By: Tim Bortoli
A wasp is a winged insect that has the ability to fly. The word wasp is used to describe any insect that is not a bee or an ant, but is part of the order Hymenoptera. There are over 100,000 species of wasp and many have a venomous sting. Unlike bees wasps do not die after they have stung an insect or animal and actually use their sting as part of their hunting mechanisms. Common characteristics of wasps include two pairs of wings, a stinger (ovipositor) and few or no thickened hairs. Most wasp species build nests to brood their young. Wasps tend to be either solitary or social.
What do Wasps Eat?
Wasps eat different things depending on their age. Baby wasps or larvae are parasites and eat other insects. The adults wasps search out the food, paralyze it by stinging it and then bring it back to the nest for the larvae to consume. Some species of wasp lay their eggs inside other insects and spiders so when they hatch they have something to eat. Each pest insect species has at least one species of wasp that prey on it making wasps crucial in natural control of pest insects.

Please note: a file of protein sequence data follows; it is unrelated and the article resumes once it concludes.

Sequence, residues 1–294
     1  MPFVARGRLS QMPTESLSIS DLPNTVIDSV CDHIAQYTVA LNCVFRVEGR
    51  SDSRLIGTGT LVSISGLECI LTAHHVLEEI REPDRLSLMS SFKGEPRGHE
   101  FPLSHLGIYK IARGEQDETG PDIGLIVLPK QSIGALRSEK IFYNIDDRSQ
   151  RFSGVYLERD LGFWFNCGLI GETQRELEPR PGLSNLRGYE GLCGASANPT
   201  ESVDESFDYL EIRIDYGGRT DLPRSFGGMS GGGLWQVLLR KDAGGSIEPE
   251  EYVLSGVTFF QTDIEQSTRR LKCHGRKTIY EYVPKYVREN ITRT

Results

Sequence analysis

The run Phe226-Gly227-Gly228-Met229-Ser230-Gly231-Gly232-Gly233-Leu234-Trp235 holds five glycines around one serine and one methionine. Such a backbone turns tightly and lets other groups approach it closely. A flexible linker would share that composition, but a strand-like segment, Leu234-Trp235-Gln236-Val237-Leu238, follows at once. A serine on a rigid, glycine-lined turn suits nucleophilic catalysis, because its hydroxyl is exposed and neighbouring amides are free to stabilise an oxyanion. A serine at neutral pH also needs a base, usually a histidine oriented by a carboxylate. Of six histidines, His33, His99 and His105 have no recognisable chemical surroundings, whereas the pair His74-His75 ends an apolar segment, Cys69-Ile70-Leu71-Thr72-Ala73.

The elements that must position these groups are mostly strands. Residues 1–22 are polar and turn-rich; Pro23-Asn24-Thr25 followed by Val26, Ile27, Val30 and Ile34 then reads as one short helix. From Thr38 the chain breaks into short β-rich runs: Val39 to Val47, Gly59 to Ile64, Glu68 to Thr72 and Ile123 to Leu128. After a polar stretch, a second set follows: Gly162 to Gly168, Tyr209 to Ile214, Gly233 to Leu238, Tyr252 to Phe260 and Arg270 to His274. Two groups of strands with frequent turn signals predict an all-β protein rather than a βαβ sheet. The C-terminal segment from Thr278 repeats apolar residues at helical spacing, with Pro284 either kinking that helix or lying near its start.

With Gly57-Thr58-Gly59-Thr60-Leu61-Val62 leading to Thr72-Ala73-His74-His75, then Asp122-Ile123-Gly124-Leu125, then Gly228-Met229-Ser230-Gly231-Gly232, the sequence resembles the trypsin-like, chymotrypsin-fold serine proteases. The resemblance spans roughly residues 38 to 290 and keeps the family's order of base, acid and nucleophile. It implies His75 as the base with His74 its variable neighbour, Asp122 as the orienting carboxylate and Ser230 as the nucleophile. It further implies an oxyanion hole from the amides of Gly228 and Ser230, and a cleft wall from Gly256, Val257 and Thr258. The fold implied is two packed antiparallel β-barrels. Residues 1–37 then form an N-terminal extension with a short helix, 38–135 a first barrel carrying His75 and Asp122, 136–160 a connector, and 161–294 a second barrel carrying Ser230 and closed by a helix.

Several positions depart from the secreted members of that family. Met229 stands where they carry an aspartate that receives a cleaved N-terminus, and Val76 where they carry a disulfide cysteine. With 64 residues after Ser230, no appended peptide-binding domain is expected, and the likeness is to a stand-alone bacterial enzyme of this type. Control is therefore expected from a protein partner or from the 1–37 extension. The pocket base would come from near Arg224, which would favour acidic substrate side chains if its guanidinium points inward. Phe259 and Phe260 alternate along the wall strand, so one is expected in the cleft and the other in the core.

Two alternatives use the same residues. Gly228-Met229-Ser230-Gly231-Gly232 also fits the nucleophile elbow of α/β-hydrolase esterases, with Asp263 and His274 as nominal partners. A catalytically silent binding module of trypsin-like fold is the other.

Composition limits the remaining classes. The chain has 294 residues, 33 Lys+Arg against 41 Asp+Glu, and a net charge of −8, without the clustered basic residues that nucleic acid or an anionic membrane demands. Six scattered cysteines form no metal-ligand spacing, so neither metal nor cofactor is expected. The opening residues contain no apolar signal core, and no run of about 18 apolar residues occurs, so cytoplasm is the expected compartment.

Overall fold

As adults many wasps live solely on nectar and pollen, much like bees. There are certain social wasps that are omnivores and will eat fallen fruit, nectar and other dead insects. Many species of wasp also eat the secretions (saliva especially) of their young as it is sweet and highly nutritious. Some aggressive species of wasp will invade a honey bee hive and steal the honey or drink the blood of the honey bees themselves. Wasps will also eat any sweet substance that they can find such as jams, cakes and other human foods.